• Copyright ©2011, ©2008 by Pearson Education, Inc. All rights reserved. The American Journey: A History of the United States, Brief Sixth Edition Goldfield • Abbott • Argersinger • DeJohn Anderson • Barney • Weir • Argersinger The War’s Impact on Native AmericansThe War’s Impact on Native Americans • The war was disastrous for most Native Americans, who suffered heavy casualties and faced an onslaught of white settlers encroaching on their land.
  • Copyright ©2011, ©2008 by Pearson Education, Inc. All rights reserved. The American Journey: A History of the United States, Brief Sixth Edition Goldfield • Abbott • Argersinger • DeJohn Anderson • Barney • Weir • Argersinger Ki-On-Twog-Ky, also known as Corn PlanterKi-On-Twog-Ky, also known as Corn Planter (1732/40–1836), was a Seneca Indian Chief who(1732/40–1836), was a Seneca Indian Chief who raided American settlements for the Britishraided American settlements for the British
  • Copyright ©2011, ©2008 by Pearson Education, Inc. All rights reserved. The American Journey: A History of the United States, Brief Sixth Edition Goldfield • Abbott • Argersinger • DeJohn Anderson • Barney • Weir • Argersinger Economic DisruptionEconomic Disruption  The war demand for supplies on both sides disrupted the normal distribution of goods and raised real prices drastically. As paper currency depreciated in value, severe inflation occurred.  The economic conditions proved demoralizing and divisive, stimulating speculation and unscrupulous profiteering.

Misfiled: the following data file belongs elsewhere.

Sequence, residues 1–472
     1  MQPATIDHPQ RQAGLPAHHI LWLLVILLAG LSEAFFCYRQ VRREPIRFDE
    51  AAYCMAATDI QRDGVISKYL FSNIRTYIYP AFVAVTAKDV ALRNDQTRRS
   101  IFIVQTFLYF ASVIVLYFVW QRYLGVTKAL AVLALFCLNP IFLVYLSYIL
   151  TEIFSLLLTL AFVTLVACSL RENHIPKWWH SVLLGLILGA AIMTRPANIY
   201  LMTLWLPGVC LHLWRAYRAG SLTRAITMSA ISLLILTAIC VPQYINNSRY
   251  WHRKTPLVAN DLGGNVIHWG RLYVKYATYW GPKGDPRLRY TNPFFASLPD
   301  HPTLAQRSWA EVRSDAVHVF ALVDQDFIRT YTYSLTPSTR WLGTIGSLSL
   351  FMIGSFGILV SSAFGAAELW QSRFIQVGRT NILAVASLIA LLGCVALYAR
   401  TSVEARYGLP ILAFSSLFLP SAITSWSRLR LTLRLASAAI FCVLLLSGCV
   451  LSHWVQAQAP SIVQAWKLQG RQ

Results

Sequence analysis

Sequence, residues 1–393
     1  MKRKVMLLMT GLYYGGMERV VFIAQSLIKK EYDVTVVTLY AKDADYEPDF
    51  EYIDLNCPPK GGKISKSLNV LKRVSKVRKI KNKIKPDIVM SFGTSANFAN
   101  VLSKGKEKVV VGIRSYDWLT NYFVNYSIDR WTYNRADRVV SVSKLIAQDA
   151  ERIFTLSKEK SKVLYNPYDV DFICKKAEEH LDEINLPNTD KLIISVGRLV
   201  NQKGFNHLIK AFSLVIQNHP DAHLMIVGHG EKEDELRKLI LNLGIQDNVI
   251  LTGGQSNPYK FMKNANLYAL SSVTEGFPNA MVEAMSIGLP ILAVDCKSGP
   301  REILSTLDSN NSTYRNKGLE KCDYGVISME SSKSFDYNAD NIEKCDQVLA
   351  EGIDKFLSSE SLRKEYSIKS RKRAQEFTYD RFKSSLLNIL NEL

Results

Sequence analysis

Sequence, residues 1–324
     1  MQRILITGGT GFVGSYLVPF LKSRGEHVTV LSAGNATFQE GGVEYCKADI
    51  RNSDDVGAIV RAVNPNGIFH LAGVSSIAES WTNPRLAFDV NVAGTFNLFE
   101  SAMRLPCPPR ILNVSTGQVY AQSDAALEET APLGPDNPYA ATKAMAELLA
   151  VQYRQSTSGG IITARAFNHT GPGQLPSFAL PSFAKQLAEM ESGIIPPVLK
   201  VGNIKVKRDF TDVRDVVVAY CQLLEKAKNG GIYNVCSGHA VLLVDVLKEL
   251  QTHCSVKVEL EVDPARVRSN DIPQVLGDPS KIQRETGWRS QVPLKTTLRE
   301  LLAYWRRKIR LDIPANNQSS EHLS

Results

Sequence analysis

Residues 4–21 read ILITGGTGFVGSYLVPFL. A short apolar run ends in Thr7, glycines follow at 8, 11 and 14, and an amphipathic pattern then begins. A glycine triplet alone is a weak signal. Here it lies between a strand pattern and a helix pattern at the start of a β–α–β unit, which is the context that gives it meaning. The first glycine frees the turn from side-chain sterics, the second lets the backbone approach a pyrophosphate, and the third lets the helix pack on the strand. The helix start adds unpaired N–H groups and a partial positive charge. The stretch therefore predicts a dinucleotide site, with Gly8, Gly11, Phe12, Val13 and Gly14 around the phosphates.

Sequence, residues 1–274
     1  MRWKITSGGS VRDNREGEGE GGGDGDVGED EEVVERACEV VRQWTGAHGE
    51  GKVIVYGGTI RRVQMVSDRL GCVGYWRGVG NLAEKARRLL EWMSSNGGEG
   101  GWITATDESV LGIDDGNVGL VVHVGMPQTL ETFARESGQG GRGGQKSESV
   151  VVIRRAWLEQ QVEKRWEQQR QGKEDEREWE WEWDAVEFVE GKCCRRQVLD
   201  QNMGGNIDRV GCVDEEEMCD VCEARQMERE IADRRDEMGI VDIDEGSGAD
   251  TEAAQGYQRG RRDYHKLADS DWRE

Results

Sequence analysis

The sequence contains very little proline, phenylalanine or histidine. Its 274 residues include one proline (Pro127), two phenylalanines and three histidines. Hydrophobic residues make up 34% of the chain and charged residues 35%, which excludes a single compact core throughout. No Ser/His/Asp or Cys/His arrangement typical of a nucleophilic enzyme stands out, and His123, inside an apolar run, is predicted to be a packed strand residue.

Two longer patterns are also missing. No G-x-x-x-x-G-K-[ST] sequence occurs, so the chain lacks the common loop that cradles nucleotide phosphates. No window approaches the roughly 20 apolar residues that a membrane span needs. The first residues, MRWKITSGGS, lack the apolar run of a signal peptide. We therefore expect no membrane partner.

• Copyright ©2011, ©2008 by Pearson Education, Inc. All rights reserved. The American Journey: A History of the United States, Brief Sixth Edition Goldfield • Abbott • Argersinger • DeJohn Anderson • Barney • Weir • Argersinger The American VictoryThe American Victory 1782–17831782–1783
  • Copyright ©2011, ©2008 by Pearson Education, Inc. All rights reserved. The American Journey: A History of the United States, Brief Sixth Edition Goldfield • Abbott • Argersinger • DeJohn Anderson • Barney • Weir • Argersinger The Peace of ParisThe Peace of Paris • The United States peace negotiators ignored instruction from Congress and worked out an arrangement with the British.